-Go for a walk, run or work-out.
-Walk to a public space.  Pray in chapel.  Study in a lounge.
-Get enough sleep.
-Join a men’s or women’s group and consistently go.

When tempted against excellence?
-Remember Christ was all in.  Ask yourself if you are growing in your love of God?  Am I all in?
-Is there an aspect of my…job, relationships, finances, free-time…where the Lord does not have first place?
-Evaluate if you are motivated by love of God or the need for another’s approval?

Saint Benedict realized the decision to struggle was worth it.  With the help of God’s grace ask yourself if it is your time to decide to struggle in another area of your life.  This is conversion.

Saint Benedict Prayer for the Struggle

Blessed Benedict…
Help me!  I beg you to be my protector.
Dig me out from the mass of sin that buries me,
free me from the ropes of sin that bind me,
loose me from the wickedness that entangles me.
Lift up him who is cast down, strengthen the wavering,
prepare the helpless with spiritual weapons of virtue,
lead and protect him who is fighting in the battle.
Bring me to the victory and lead me to the crown.
-Prayer by Saint Anselm, Benedictine Monk

Conversion, Discipleship and Saint Benedict

Saint Benedict on Subiaco Workshop of Fra Angelico 1400 ; 1455

Saint Benedict at Subiaco
Workshop of Fra Angelico 1400 ; 1455

A first step in conversion is deciding to follow Christ.  The Lord says, “follow me” because he wants to give you a new beginning.  He made you.  He wants you to be happy.  Your decision to follow Christ marks a new beginning for you.  This is called conversion.  Saint Benedict can help us deepen our own personal conversion.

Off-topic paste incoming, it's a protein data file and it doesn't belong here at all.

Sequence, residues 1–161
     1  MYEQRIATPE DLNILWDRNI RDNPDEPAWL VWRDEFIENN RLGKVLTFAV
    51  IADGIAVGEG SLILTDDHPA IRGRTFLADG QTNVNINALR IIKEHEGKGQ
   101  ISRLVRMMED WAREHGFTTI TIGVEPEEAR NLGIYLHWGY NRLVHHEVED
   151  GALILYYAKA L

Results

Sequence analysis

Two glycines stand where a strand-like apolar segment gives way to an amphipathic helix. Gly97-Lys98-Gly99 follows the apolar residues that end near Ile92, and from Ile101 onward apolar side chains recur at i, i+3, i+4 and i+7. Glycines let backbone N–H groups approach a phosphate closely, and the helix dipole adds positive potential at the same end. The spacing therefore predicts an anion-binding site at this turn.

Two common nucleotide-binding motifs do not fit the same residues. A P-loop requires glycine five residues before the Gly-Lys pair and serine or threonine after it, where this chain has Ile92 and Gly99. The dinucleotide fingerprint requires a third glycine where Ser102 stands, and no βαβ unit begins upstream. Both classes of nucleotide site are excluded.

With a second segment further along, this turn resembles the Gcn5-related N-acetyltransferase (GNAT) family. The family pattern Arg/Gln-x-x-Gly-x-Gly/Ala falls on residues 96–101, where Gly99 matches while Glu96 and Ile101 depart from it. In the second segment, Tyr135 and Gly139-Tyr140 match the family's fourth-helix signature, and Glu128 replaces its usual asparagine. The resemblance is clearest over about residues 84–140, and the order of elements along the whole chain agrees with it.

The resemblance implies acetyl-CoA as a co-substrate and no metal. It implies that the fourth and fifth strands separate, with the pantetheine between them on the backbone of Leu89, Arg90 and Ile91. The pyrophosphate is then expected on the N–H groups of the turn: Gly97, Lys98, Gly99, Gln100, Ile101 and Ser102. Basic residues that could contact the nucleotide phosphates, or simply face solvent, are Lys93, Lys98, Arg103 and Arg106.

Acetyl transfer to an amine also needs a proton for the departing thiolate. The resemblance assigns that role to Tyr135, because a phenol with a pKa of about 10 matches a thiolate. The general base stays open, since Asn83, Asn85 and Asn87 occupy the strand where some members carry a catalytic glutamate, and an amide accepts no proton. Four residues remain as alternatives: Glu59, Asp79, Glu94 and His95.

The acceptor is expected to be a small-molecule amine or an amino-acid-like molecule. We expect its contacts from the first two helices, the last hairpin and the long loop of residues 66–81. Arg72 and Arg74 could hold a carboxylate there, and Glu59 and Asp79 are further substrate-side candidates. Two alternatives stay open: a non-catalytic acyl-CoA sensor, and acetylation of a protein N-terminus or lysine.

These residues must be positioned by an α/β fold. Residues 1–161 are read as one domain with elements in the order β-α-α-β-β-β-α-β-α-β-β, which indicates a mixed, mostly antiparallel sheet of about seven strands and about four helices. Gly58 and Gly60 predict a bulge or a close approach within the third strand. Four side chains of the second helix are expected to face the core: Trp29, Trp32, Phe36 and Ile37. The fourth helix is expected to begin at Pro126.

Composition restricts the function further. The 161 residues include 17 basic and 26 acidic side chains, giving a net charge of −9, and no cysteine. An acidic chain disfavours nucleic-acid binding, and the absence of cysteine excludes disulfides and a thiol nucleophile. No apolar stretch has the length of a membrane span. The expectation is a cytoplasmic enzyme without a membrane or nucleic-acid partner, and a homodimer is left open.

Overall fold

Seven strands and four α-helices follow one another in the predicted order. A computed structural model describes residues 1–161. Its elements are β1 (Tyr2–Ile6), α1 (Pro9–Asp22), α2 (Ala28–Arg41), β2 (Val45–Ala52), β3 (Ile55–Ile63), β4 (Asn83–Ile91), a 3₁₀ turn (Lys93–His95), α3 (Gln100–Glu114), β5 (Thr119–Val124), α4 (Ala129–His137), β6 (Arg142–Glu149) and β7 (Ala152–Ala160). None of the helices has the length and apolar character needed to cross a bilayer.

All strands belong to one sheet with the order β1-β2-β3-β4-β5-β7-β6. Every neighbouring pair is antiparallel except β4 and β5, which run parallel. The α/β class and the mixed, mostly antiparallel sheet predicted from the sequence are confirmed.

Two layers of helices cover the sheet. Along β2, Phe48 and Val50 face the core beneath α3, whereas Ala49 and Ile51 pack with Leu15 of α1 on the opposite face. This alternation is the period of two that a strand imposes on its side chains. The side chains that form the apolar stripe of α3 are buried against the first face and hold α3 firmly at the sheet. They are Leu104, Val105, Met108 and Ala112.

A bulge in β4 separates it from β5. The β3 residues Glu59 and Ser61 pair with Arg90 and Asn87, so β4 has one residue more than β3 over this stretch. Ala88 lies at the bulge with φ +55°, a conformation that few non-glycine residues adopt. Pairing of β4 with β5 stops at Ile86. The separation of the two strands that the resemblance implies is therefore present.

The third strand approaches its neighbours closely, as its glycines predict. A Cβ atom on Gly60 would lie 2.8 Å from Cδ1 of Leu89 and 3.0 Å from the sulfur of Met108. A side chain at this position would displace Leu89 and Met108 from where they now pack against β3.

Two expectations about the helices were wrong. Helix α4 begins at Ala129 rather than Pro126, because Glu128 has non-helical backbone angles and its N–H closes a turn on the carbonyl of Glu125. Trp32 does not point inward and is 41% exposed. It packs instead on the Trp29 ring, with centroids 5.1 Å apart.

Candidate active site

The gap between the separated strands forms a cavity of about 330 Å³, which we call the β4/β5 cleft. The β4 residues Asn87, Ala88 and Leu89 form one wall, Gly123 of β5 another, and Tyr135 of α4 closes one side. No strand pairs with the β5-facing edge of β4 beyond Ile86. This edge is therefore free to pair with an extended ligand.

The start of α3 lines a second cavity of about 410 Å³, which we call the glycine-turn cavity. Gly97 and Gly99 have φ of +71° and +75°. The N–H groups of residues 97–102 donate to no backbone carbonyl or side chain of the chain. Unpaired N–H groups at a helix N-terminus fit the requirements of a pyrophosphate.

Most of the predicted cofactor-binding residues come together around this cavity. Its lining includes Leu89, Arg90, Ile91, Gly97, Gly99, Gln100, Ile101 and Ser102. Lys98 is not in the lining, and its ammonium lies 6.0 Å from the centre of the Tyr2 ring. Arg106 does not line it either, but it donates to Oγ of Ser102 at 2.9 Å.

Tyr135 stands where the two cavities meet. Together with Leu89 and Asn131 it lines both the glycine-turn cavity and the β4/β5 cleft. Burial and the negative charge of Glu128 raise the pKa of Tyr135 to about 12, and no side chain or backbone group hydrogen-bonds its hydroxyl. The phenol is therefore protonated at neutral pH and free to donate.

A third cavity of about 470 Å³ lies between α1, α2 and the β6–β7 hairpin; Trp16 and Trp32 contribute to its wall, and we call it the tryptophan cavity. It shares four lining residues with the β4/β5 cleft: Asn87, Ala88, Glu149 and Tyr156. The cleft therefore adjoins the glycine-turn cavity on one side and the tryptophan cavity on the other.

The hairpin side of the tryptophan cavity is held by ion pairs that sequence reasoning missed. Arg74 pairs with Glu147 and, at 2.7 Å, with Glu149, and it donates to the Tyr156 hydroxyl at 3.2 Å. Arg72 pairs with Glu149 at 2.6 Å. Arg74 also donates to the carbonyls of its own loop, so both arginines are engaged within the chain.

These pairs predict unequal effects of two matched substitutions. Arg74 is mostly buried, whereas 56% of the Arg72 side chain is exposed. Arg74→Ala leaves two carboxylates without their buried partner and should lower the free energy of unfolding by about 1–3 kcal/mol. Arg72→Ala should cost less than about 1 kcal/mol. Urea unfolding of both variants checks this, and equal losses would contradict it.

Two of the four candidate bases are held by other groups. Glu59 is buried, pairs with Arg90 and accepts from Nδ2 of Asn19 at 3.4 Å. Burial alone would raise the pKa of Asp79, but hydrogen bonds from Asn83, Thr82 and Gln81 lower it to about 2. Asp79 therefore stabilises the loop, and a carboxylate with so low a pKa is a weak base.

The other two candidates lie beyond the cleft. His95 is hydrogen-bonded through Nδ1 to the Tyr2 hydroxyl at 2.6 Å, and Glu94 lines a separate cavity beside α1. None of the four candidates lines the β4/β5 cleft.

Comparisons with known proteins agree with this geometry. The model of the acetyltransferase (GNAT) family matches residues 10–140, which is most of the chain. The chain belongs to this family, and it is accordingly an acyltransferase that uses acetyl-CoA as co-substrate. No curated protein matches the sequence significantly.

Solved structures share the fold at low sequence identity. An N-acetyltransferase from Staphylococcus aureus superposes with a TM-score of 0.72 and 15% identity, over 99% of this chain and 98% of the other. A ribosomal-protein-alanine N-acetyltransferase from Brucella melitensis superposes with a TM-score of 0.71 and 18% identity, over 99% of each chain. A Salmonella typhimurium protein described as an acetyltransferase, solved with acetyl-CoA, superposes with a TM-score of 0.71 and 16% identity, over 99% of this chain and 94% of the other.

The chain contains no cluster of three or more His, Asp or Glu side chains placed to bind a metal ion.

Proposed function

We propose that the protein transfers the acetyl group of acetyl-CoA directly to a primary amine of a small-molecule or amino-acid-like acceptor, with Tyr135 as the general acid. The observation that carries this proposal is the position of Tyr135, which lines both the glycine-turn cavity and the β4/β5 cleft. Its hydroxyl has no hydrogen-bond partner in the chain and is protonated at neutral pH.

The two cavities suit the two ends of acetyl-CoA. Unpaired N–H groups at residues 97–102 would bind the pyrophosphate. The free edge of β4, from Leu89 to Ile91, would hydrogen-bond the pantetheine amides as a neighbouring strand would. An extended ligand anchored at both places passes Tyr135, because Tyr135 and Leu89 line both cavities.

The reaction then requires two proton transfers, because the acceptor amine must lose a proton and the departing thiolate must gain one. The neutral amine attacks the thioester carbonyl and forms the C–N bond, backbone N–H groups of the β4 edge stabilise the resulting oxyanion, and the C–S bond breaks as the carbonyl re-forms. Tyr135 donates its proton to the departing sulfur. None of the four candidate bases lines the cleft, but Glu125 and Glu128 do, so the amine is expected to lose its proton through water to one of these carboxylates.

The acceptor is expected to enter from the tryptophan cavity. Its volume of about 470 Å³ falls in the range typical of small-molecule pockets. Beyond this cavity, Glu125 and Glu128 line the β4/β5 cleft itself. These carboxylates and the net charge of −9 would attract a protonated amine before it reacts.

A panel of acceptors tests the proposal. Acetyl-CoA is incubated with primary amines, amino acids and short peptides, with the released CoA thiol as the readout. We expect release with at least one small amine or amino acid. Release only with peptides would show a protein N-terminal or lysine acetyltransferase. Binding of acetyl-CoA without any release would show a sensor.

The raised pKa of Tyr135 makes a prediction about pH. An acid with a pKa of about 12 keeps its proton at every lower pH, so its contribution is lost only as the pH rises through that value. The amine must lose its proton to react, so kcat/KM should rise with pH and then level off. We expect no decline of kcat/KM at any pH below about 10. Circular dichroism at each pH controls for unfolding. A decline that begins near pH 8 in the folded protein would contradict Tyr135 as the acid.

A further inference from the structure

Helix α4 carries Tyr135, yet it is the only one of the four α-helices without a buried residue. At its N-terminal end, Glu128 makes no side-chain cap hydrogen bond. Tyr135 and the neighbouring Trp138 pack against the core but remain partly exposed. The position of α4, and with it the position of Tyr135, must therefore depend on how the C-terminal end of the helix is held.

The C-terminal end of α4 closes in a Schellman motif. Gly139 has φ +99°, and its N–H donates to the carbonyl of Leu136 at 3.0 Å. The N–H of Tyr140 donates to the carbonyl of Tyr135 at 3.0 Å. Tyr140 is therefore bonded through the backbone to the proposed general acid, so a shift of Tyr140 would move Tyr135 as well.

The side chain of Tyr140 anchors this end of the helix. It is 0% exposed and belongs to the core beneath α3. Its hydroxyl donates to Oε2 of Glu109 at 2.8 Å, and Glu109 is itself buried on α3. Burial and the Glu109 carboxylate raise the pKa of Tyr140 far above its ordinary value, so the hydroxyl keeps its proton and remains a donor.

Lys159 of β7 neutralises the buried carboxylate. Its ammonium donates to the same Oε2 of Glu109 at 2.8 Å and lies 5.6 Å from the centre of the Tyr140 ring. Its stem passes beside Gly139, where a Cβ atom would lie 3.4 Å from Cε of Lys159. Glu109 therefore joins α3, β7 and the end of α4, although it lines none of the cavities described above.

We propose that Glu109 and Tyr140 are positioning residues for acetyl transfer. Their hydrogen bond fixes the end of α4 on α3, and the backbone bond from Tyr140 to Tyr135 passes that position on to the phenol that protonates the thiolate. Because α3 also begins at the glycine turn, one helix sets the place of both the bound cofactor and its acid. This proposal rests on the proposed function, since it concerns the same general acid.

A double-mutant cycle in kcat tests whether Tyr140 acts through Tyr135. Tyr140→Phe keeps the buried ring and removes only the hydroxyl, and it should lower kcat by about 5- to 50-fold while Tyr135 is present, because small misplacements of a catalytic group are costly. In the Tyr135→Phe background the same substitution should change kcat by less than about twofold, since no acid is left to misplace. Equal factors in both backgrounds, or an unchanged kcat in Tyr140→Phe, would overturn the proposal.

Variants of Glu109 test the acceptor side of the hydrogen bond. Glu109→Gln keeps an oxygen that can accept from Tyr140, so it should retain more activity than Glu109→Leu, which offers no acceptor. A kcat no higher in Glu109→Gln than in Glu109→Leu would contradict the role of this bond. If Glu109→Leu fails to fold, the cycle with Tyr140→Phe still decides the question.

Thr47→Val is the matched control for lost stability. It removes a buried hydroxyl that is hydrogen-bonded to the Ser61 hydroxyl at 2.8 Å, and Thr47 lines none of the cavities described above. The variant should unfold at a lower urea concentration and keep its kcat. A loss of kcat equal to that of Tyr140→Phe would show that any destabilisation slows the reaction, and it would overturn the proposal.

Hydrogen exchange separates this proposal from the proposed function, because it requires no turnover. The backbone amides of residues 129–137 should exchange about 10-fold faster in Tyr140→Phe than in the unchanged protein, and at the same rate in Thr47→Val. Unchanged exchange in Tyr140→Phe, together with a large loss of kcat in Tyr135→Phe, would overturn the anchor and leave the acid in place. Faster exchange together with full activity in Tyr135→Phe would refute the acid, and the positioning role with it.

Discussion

The saints decided to follow Christ in a deeper personal conversion before they were saints.  Saint Benedict did this.  Like college students today, Saint Benedict is studying in Rome.  He realizes he is standing between the world of pleasure and the promises of Christ.  In Rome, he had an all access pass to the best of everything.  He could walk to the Circus Maximus (Nascar), the Colosseum (Super Bowl), or the Forum (Mall of America).  Yet, Benedict’s biography says, “he found many of the students there abandoning themselves to vice…In his desire to please God alone, he…gave up home and inheritance and resolved to embrace the religious life.”  (Dialogues, p. 1-2)  Like so many heroic college students today, Saint Benedict made the decision to follow Christ.

St. Benedict follows Christ and leaves studies in Rome

Benedict decides to follow Christ

Saying yes to Christ, means saying goodbye to worldliness no matter what vocation you are called to.  This is part of conversion.  You may question your decision.  Friend groups, someone you are dating and even family may question your decision.  You might hear them say, “you’ve changed.”  Or, “I like the old you.”  Saint Benedict can help you remember the decision to follow Christ is worth it.  He faced similar judgments.  What did he do?  His biographer, St. Gregory the Great, writes:

“Benedict, however, preferred to suffer ill-treatment from the world rather than enjoy its praises.  He wanted to spend himself laboring for God, not to be honored by the applause of men.” (Dialogues, p. 4)